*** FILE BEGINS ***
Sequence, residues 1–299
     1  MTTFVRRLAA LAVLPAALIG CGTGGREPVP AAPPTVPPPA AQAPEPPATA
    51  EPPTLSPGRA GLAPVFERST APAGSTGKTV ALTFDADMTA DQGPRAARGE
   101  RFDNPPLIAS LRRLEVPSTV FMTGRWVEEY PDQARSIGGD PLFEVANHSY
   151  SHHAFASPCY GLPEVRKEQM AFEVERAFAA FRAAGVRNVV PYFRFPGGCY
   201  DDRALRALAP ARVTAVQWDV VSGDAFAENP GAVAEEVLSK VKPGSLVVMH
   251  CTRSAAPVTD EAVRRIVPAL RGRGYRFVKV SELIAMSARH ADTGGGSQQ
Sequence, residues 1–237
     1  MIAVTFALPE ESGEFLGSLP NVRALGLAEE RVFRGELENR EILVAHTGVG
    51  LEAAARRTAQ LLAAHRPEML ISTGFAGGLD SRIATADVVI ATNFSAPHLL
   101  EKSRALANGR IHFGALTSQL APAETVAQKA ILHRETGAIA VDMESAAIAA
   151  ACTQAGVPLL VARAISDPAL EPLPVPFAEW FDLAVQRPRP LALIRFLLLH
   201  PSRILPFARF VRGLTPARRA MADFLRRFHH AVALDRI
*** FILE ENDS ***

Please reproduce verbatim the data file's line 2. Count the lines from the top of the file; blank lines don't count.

     1  MTTFVRRLAA LAVLPAALIG CGTGGREPVP AAPPTVPPPA AQAPEPPATA